Governor extends ‘safer-at home’ order through April

Gov. Bill Lee

Tennessee Gov. Bill Lee on Monday extended through April 30 the state “safer-at-home” order baning non-essential travel and group activity in an attempt to reduce the spread of the coronavirus that causes COVID-19.
The executive order authorized by state law and requiring people to stay at home except for essential activities was signed by Lee on April 2 and originally set to expire today, April 14.
“We need Tennesseans to go back to work. But we also need everyone to recognize that physical distancing must continue for the foreseeable future,” Lee said, noting that unemployment claims have been 25 times higher than normal.
“In cooperation with guidance from the White House, we’ll extend our stay-at-home order through April 30th, and plan to begin reopening our economy in May. Beginning in May we begin a phased reboot of our economy.”
Lee said between now and then, he and his policy advisers will be working with industry leaders to create industry-specific guidance, so that businesses can be fully prepared to operate safely and protect their employees and customers. He added that he created the advisory council in mid-March, including members from the Tennessee Chamber of Commerce as well as leaders in the hospitality, transportation and grocery industries, to stay on top of how the COVID-19 crisis affects business in the state and keep a close watch on the state’s economy.
“We’re not out of the woods yet, and it could be some time. But it is clear that actions we’ve taken at the state, combined with the local level – most importantly with the determination of our citizens, and the bravery of our first responders and health care workers on the front lines – those efforts have saved countless lives across Tennessee,” Lee said.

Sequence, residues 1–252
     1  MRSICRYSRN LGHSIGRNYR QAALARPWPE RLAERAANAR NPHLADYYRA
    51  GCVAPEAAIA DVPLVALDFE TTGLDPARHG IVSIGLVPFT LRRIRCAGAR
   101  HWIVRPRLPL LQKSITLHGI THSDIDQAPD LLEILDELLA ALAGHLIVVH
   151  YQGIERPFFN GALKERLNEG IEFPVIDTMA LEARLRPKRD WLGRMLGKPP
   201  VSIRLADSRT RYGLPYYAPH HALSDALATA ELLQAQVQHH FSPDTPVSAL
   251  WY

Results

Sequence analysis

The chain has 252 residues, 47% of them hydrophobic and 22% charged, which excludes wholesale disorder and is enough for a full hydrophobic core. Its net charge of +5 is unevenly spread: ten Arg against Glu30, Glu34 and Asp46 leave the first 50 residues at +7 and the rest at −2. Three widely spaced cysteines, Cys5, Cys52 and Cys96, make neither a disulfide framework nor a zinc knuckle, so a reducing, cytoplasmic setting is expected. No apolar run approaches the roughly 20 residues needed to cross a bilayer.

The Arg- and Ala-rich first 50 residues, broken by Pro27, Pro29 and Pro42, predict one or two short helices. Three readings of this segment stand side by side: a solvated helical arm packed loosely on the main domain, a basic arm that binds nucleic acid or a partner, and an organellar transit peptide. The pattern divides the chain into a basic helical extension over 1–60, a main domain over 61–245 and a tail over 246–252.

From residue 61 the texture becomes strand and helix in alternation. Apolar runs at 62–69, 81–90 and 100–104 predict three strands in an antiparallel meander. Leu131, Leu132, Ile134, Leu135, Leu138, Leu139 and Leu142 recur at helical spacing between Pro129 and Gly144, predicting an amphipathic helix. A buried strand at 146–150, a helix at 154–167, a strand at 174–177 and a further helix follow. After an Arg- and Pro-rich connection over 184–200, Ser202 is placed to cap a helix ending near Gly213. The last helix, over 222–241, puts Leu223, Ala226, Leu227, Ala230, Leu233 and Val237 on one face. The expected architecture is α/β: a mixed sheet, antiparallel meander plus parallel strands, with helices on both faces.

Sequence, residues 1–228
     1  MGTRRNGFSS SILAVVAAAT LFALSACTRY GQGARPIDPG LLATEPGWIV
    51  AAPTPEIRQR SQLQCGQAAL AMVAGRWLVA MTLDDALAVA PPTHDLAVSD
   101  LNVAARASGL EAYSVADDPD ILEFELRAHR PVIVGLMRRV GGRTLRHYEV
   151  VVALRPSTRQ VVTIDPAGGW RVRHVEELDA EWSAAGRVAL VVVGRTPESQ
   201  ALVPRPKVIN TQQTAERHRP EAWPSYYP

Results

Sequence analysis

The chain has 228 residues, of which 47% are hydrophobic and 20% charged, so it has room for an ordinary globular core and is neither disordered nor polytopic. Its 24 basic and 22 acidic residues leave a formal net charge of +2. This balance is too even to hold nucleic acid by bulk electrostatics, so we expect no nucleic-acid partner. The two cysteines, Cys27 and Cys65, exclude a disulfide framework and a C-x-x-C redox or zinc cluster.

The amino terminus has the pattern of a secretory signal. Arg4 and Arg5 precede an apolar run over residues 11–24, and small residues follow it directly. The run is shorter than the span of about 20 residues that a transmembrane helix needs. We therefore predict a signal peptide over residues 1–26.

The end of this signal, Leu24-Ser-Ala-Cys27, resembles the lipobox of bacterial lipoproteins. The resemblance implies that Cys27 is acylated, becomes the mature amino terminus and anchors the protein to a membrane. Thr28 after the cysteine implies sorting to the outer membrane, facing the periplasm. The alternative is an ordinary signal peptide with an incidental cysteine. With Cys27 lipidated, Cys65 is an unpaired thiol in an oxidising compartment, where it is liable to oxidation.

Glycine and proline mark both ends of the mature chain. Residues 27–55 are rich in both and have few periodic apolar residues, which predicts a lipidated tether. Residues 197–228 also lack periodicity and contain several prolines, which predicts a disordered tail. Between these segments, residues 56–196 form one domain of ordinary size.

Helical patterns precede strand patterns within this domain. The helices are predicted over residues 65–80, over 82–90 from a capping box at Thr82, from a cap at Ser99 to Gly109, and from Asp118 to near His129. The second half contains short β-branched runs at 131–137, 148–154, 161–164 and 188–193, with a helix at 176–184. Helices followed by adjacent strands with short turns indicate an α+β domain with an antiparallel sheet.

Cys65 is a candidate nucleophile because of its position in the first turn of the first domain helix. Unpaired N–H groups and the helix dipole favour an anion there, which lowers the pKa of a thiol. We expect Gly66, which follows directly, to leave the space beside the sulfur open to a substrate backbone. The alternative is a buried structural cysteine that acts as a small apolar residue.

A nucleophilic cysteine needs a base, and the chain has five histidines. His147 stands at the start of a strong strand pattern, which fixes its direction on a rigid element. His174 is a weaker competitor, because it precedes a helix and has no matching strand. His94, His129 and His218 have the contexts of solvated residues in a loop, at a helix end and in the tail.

He cautioned that despite encouraging signs in the battle to contain COVID-19 within the state, Tennesseans have to remain vigilant and continue social distancing and hygiene efforts, including consistent hand washing and other practices recommended by the Tennessee Department of Health and U.S. Centers for Disease Control.
Otherwise, he said, “We have a very serious risk that this disease could come roaring back, and erase all the progress that we have made to date. Until a vaccine or therapy is widely made available to Tennesseans, this virus will be a present reality for us to manage and consider whenever we are making decisions.”
Lee said it is also clear the economy can’t stay shut down for months on end. He added the situation leads to a clear but complicated task; how to conduct business safely while continuing to suppress the threat of COVID-19.

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